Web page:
Instead, Vincent has given advice at each stage of a recognizable decision-making process that is not just a decision about a risk response. This is a much better way to go.

    By avoiding the usual writing mistakes and giving advice on a recognizable management thought process Vincent has made a much more powerful case for integral RM.

    Matthew Leitch

  10. Erdal
    May 12, 2015 at 9:04 AM

    I wonder who would establish the context of risk management in a company where there is no separate risk function. Of course it is the line management’s duty to MANAGE risks but risk function exists to support them. All the arguments I heard against separate risk functions can be used also against human resources departments or finance departments or quality departments etc. These functions are SUPPORT functions and they were all evolved due to necessities.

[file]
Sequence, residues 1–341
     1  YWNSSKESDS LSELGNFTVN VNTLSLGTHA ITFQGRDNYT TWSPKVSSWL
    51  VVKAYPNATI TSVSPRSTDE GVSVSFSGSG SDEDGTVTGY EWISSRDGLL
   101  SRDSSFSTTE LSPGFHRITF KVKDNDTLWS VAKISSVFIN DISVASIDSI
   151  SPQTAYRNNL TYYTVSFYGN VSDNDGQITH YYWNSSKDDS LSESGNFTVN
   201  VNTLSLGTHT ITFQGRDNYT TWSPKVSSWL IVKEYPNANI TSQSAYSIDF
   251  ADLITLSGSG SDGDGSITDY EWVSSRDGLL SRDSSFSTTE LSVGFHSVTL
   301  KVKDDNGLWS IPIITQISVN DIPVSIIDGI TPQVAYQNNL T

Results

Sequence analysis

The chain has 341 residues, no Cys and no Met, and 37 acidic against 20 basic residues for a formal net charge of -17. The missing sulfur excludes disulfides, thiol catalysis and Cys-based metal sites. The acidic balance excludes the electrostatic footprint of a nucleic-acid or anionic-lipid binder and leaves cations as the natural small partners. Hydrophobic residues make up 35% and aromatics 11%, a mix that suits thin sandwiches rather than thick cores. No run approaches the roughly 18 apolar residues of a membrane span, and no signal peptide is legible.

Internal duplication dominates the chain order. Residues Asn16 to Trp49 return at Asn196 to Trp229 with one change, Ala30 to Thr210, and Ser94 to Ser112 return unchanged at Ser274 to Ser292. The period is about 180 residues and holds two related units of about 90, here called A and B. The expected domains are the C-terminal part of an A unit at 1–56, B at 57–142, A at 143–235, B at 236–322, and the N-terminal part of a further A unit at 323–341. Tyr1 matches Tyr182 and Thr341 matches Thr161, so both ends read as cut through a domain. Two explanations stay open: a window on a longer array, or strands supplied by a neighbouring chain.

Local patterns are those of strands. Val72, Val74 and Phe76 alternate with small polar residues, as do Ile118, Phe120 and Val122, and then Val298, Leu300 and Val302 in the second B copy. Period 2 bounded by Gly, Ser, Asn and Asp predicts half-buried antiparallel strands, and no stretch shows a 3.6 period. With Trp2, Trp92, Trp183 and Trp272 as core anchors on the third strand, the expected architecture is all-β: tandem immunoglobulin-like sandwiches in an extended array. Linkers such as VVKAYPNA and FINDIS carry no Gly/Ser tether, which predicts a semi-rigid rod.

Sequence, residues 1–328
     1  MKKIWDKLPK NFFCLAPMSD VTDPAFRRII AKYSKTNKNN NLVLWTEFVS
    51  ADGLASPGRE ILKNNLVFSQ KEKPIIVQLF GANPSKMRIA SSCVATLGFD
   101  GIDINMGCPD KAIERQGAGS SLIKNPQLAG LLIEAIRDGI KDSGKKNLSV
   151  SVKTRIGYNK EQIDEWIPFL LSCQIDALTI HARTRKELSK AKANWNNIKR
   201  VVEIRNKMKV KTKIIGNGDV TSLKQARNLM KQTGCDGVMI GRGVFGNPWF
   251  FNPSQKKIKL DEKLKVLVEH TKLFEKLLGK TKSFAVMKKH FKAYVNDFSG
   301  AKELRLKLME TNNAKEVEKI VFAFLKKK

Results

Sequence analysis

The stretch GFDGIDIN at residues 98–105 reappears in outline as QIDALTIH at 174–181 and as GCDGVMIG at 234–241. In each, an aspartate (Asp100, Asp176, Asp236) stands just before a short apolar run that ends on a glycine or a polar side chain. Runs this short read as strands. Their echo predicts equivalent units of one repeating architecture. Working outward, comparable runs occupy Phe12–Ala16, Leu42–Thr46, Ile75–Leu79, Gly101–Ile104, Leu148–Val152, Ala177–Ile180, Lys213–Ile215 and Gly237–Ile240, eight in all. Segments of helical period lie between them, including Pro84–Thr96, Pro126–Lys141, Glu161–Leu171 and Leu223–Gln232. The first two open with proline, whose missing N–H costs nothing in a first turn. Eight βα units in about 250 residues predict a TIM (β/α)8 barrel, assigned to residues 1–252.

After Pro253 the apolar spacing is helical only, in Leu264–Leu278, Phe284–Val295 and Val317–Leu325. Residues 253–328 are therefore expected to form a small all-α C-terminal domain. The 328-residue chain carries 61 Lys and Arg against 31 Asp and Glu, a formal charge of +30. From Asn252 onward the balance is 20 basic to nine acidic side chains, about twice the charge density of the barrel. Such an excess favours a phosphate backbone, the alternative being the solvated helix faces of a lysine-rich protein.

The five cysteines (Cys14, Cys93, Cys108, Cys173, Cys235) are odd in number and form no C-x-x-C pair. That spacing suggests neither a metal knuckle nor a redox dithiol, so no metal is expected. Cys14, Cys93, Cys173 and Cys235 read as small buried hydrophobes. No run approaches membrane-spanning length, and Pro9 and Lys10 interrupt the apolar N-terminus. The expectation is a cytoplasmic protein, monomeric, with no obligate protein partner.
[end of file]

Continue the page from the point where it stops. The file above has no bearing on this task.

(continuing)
11. Dennis Webbers
    May 12, 2015 at 11:18 PM

    Hi Norman,

    Many thanks for bringing this IFAC Publication to my attention. I remember talking to a CAE of a large insurance company who indicated that the Risk Management function is a temporary phenomenon anyway. Once businesses understand and implement the general idea, which is so eloquently reflected in the IFAC paper, the Risk Management function may cease to exist. Interesting thought!

    Best regards,
    Dennis Webbers

  12. Steve Ulmer
    May 17, 2015 at 2:04 PM

    What I found interesting is the term “risk appetite” is not used anywhere in this report (nor is “risk tolerance”). The report from the IFAC seems to me to be a back to basics document.